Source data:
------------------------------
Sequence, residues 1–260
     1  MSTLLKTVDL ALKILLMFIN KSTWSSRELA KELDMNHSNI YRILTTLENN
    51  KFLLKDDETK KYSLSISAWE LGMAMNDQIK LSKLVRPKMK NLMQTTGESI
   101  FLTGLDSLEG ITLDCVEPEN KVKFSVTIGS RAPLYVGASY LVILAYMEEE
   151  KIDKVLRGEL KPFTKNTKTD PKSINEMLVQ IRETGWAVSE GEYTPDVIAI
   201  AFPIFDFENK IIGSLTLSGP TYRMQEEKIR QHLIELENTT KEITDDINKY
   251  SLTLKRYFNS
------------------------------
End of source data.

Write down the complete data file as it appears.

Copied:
Sequence, residues 1–260
     1  MSTLLKTVDL ALKILLMFIN KSTWSSRELA KELDMNHSNI YRILTTLENN
    51  KFLLKDDETK KYSLSISAWE LGMAMNDQIK LSKLVRPKMK NLMQTTGESI
   101  FLTGLDSLEG ITLDCVEPEN KVKFSVTIGS RAPLYVGASY LVILAYMEEE
   151  KIDKVLRGEL KPFTKNTKTD PKSINEMLVQ IRETGWAVSE GEYTPDVIAI
   201  AFPIFDFENK IIGSLTLSGP TYRMQEEKIR QHLIELENTT KEITDDINKY
   251  SLTLKRYFNS